June 1-7 has been, once again, declared “National Barefoot Week” by Soles4Souls, a Nashville-based charity that collects new and used shoes to be donated to people in need around the world. The week-long event is a yearly highlight the charity uses to encourage people to get involved in donating any type of footwear to be re-distributed in the US and other places where people might need it.
As part of the drive, Soles4Souls encourages people to take off their shoes and spend some time barefoot in order to personally experience what would it be like to have no shoes to put on their feet.
While I recognize this organization might be well-intentioned in its efforts, I must also pinpoint that it is actually helping further perpetuate wrong assumptions and stereotypes about living one’s life without shoes such as: shoes are indispensable to function in modern society, and bare feet are the ultimate sign of poverty and disgrace.
Having grown up (until I was 21) in El Salvador, one of the smallest and poorest nations in Latin America, I had the chance to observe and interact closely with a lot of these “poor” people who can’t afford a pair of shoes and, as far as I can remember, the biggest hardship that these people confront from not having shoes is discrimination and embarrassment due to social pre-conceptions — very similar to the ones we all barefooters confront on a daily basis up here in North America – whether we go barefoot because we’re destitute or because we simply feel it’s a better option to footwear.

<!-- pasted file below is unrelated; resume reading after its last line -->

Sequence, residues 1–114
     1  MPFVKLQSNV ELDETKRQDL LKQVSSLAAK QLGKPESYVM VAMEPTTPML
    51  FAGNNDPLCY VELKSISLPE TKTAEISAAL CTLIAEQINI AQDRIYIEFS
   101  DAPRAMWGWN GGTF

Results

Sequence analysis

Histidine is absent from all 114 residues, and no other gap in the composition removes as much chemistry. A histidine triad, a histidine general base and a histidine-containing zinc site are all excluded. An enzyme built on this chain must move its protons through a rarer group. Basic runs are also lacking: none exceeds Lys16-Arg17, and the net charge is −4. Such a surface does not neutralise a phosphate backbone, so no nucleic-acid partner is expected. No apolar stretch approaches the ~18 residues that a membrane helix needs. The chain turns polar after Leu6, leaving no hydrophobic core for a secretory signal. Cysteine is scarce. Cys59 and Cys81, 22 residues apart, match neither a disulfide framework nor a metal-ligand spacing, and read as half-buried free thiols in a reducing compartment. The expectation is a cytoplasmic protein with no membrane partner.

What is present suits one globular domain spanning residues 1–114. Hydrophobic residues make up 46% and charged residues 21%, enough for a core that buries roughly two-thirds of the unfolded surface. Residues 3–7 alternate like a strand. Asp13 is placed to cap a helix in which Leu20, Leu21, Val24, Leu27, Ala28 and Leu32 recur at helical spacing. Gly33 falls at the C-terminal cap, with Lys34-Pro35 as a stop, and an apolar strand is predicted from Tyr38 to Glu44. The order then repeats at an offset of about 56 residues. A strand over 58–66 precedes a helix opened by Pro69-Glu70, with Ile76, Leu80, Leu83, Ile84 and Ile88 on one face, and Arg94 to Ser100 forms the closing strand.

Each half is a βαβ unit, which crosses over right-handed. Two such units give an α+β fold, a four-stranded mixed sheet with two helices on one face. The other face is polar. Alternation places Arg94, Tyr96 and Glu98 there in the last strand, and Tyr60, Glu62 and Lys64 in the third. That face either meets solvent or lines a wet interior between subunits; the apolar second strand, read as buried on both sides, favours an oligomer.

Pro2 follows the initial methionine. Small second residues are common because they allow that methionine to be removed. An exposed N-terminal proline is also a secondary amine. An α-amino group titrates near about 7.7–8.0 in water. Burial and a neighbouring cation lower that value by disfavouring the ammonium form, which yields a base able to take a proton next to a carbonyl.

What organizations like Soles4Souls, seem to miss is that this kind of charity is a perfect example of a “bandaid-type solution” since it doesn’t tackle the root of the problem but it gives a “pretty” solution to a problem that should not exist in the first place.
While it is very true that people in less fortunate areas need help, the last thing they probably need is a pair of shoes that will only last a few months, at best. Instead, How about using all the resources provided by donations and corporate sponsorship towards long-term solutions like literacy and education, health-care, community and infrastructure re-building, etc., etc.
It is also unfortunate, and borderline sad, to see that many fellow barefooters, and even a number of barefoot-advocating groups, are now buying into this “Barefoot Day/Week” craze by encouraging people to go barefoot in celebration of this “holiday” due to its misguiding name and not even knowing what they are supporting and promoting.
Let it be clear that I am not against charity or the efforts of Soles4Souls and any other organizations that donate shoes to people in need. I just find it a bit disturbing how these organizations are twisting their messages in order to gain support from unaware members of the general public.